According to the case, Ms. Robaczynski had to disconnect her patient’s respirator because Mr. Gessner had no chance to survive. The nurse explains that there was a need for the mercy killing, but the opinions of experts in the field on this case tend to vary. Realizing that the actions of the nurse can be regarded as inappropriate in accordance with many theories, I cannot regard the decision of the nurse as a crime (Starr, 2017).
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I think so because it is the fact that the patient could not survive, and the nurse’s actions discontinued the sufferings of Mr. Gessner. At the same time, I suppose that it was not the best alternative because she did not ask the patient who was in a coma or his relatives for permission to do that. Therefore, I believe that it is difficult to classify her actions as a crime, whereas the nurse should not have made such a decision on her own.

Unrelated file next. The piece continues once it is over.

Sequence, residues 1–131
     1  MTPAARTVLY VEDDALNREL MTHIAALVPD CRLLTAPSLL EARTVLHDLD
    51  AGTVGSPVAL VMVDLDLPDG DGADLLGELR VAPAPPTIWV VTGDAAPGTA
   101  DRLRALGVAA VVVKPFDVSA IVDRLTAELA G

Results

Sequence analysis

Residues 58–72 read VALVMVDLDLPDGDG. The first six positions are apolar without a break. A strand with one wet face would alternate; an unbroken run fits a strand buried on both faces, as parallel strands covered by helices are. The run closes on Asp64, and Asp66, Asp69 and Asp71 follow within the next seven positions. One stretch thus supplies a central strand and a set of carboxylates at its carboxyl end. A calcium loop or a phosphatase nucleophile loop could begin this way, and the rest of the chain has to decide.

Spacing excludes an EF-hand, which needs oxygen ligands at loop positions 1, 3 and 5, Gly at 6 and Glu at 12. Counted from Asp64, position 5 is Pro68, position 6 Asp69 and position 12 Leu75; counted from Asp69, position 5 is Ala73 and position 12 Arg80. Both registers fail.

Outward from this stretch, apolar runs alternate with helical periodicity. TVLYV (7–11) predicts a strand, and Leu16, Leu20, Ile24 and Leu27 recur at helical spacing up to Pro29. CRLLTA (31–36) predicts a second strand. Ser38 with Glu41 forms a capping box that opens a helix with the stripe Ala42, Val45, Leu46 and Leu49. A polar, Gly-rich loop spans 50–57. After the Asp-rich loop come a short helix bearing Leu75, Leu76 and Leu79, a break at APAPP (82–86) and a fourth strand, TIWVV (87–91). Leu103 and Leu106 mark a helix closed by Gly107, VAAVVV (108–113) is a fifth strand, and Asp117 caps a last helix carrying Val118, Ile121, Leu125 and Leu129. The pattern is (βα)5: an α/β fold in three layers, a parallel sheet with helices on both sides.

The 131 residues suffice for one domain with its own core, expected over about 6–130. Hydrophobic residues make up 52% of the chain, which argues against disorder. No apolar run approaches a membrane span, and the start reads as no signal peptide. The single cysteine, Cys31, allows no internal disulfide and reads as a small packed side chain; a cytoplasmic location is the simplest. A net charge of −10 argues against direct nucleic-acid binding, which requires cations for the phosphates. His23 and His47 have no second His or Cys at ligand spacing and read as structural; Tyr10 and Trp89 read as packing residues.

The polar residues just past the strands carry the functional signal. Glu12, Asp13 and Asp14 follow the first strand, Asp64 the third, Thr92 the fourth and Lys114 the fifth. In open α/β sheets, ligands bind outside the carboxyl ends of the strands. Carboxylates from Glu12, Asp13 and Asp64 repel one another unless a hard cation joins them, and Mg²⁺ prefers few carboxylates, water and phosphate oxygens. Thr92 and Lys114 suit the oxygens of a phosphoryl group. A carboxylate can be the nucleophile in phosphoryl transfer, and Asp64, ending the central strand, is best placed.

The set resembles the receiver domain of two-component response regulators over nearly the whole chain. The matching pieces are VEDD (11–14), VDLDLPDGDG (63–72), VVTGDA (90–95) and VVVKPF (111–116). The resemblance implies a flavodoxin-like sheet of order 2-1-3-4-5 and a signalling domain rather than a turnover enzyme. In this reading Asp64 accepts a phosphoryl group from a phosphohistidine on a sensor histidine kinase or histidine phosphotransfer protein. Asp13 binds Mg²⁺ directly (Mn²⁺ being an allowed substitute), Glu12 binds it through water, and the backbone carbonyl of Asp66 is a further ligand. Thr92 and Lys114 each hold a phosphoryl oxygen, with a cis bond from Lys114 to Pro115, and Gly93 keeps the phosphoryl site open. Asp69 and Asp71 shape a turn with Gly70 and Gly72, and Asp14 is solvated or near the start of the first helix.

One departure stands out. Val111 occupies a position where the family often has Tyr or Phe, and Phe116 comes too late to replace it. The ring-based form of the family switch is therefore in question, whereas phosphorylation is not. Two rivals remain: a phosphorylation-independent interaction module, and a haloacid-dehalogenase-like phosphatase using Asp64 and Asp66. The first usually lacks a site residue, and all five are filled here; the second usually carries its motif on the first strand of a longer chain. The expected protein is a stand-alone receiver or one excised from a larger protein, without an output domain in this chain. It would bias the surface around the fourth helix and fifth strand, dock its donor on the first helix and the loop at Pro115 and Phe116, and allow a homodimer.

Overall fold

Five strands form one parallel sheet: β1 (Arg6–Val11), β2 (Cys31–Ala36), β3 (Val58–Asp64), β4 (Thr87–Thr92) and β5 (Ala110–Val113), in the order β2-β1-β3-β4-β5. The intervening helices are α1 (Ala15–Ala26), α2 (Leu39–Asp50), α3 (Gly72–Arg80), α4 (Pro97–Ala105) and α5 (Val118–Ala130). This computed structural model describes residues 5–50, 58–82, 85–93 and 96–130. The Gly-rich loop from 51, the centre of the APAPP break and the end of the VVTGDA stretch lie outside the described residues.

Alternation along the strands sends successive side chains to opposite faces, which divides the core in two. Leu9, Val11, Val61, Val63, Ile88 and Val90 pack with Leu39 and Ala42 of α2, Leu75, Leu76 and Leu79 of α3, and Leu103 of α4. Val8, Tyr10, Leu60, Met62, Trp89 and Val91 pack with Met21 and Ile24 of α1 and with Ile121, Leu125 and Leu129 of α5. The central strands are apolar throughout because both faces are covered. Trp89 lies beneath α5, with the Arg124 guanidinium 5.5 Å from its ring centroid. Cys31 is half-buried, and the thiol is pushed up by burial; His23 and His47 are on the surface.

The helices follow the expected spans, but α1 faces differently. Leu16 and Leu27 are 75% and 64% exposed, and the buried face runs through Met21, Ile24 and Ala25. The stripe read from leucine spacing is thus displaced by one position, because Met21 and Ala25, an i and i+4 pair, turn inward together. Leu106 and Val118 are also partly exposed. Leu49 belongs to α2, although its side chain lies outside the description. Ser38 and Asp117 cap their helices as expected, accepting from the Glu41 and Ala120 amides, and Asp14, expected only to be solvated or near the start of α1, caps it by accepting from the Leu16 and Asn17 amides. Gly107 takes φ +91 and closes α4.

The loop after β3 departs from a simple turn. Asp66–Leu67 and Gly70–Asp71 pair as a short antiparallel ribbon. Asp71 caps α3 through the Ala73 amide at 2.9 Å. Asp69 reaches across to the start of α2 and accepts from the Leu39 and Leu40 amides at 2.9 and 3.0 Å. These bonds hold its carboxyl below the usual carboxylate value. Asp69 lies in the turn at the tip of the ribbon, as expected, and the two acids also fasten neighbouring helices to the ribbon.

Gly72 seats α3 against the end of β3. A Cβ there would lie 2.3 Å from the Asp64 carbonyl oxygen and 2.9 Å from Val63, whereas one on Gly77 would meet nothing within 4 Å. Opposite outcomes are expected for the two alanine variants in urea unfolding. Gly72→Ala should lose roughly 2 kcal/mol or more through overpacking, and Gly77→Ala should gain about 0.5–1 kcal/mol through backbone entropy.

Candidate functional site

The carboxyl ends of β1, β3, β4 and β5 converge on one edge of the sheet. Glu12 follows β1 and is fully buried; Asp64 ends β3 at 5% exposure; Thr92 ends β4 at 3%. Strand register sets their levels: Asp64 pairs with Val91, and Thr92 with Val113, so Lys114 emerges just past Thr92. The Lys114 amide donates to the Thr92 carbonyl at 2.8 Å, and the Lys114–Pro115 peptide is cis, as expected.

As is clear from the case study, one of the most important details that make the experts think that the nurse has committed a crime is related to the fact that Mr. Gessner was in a coma and, therefore, he was deprived of an opportunity to express his opinion. What is more, the case does not present the information on the nurse’s communication with relatives or other agents protecting the interests of the patient.
If Mr. Gessner were conscious and asked to be disconnected from his respirator, the outcomes for the nurse would be different because the cases when patients of their relatives ask for discontinuing treatment occur quite often (Subba et al., 2016). Taking into account the opinions of their patients and their relatives and documenting their consent to treatment cessation, nurses improve the situation and avoid further problems.
Starr, L. (2017). Merciless versus mercy killing? Australian Nursing and Midwifery Journal, 24(7), 25.
Subba, S. H., Khullar, V., Latafat, Y., Chawla, K., Nirmal, A., & Chaudhary, T. (2016). Doctors’ attitude towards euthanasia: A cross-sectional study. Journal of the Association of Physicians of India, 64, 44.